# Optimising MySQL Database Indexes InnoDB

I have been Googleling for hours now and I haven't quite figured out how indexes work, because there are so many mixed answers available.

Let's say I have an query 1:

SELECT subid, subid2 FROM clicks WHERE wid=100 AND uid=123 AND time >= 1387886885


And a query 2:

SELECT subid, subid2 FROM clicks WHERE fid=100 AND time >= 1387886885 AND uid=123


1) How should I place indexes here? Should I use multi column index or single column indexes?

2) I found an answer on stackoverflow that suggested adding indexes to subid and subid2 also, should I do that? If not, under what circumstances would one do that?

How should I place indexes here? Should I use multi column index or single column indexes?

You should create compound indexes (read as multi column indexes) because these have better index selectivity

I found an answer on stackoverflow that suggested adding indexes to subid and subid2 also, should I do that? If not, under what circumstances would one do that?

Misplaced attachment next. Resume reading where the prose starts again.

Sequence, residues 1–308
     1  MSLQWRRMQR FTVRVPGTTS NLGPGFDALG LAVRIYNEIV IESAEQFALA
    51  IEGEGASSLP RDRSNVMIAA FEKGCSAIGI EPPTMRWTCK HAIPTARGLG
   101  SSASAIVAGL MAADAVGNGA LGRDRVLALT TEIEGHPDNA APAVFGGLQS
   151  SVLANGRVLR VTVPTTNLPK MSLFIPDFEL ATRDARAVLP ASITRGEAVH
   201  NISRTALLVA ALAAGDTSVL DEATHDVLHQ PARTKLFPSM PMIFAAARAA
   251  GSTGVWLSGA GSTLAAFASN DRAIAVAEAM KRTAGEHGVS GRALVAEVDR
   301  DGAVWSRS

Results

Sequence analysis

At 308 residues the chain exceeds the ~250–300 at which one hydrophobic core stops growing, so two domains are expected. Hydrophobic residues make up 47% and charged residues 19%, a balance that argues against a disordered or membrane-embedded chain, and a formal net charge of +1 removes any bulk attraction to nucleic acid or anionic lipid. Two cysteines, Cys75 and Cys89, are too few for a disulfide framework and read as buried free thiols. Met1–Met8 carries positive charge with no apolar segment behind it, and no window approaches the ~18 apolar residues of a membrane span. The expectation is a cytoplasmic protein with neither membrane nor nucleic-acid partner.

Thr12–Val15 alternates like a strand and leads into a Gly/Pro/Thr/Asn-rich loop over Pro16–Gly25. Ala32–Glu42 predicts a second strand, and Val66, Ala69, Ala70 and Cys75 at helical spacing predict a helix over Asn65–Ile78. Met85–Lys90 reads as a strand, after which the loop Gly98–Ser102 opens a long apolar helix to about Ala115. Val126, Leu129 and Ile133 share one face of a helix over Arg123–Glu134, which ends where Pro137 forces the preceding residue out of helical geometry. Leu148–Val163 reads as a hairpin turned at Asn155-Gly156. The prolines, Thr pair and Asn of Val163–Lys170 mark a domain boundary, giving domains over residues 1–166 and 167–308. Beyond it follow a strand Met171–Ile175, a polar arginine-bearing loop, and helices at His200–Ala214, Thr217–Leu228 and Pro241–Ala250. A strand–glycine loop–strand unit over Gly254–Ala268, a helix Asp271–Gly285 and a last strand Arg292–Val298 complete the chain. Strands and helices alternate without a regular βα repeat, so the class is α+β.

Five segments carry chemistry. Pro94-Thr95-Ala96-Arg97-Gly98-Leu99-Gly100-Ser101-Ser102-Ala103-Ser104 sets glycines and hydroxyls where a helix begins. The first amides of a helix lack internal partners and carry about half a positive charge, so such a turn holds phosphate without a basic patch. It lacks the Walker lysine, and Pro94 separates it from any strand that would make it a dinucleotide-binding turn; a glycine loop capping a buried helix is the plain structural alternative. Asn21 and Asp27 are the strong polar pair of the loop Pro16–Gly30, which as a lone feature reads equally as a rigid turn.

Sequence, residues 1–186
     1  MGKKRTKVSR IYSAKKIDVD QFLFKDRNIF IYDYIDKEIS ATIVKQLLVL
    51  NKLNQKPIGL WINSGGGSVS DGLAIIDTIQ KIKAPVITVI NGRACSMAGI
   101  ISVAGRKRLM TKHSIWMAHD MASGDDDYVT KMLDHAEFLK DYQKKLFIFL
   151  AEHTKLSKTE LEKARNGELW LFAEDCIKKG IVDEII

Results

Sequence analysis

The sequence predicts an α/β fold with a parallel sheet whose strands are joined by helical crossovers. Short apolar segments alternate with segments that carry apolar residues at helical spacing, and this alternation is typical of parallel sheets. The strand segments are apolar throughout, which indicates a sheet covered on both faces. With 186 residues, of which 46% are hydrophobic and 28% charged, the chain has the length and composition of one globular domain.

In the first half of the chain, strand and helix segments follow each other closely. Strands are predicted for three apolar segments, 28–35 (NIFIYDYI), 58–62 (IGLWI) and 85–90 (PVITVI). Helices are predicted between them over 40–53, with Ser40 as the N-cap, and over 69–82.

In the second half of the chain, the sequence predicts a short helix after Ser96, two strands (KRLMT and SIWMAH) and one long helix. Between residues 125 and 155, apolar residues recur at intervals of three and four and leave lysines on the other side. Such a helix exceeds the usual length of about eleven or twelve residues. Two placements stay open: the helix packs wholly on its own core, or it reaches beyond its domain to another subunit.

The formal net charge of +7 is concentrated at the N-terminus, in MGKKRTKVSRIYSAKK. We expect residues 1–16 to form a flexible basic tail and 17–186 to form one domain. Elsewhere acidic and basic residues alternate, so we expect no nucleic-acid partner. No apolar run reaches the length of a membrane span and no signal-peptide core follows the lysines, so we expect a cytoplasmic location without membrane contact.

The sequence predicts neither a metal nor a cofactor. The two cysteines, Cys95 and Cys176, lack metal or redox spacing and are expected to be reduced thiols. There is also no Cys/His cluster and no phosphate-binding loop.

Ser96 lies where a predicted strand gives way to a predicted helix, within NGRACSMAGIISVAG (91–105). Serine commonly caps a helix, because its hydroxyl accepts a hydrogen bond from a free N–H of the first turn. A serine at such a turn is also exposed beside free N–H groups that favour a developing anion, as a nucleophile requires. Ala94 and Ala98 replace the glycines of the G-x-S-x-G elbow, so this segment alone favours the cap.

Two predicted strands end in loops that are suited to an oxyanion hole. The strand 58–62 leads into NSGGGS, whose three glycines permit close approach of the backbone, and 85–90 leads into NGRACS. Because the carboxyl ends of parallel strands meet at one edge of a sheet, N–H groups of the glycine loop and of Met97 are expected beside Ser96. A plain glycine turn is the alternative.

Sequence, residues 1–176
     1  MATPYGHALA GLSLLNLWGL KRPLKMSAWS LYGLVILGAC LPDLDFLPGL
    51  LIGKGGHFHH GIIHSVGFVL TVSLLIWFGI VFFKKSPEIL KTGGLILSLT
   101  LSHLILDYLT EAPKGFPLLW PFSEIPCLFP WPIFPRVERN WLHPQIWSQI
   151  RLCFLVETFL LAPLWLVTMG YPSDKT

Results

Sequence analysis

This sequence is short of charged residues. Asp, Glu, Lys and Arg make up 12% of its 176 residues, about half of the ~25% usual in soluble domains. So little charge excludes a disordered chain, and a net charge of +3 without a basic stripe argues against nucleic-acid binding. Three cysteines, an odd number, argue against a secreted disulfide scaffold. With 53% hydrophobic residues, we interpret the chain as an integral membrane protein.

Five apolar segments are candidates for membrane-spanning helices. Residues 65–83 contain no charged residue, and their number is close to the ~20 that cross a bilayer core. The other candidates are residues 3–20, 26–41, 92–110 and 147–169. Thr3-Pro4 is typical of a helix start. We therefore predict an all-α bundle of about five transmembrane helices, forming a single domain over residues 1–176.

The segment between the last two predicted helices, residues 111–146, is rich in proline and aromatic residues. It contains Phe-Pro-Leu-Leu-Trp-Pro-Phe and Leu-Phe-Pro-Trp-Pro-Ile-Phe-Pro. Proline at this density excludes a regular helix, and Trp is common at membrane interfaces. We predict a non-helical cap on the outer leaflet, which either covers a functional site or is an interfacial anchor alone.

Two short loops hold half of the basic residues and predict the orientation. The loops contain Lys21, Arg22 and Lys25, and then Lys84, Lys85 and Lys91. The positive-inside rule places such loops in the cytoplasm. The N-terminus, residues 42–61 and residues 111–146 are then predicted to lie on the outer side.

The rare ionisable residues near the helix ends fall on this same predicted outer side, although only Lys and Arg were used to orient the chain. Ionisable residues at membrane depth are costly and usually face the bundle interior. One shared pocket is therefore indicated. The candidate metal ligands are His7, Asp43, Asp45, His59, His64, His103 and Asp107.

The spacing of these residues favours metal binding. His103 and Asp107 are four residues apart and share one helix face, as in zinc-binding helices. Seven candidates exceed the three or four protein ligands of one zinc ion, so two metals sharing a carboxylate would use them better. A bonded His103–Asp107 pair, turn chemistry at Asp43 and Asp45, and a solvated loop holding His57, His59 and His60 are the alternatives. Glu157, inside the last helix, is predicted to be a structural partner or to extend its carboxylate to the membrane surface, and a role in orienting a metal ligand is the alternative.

I think you mean an covering index. An covering index is very fast for selecting data because all data can be read from the index data without accessing the table data..

Query 1

SELECT subid, subid2 FROM clicks WHERE wid=100 AND uid=123 AND time >= 1387886885


Needs this index

INDEX(wid, uid, time)


or this covering index

INDEX(wid, uid, time, subid, subid2)


Query 2

SELECT subid, subid2 FROM clicks WHERE fid=100 AND time >= 1387886885 AND uid=123


Needs this index

INDEX(fid, uid, time)


or this covering index

INDEX(fid, uid, time, subid, subid2)


Here is a link of trying to simplify indexes. From a beginner perspective, the simple example of the original post and explaining how the index correlates to what they were looking for might help.

So, in your scenario, I would have one index based on

( wid, uid, time )

(not sure if the wid vs fid was just a type-o)

An index should be done with a basis of what your most common querying components may be asking for... typically some ID, or User basis, maybe date ranges. But per the link example, get your criteria with the field that will be most precise to the front of the list of indexed fields.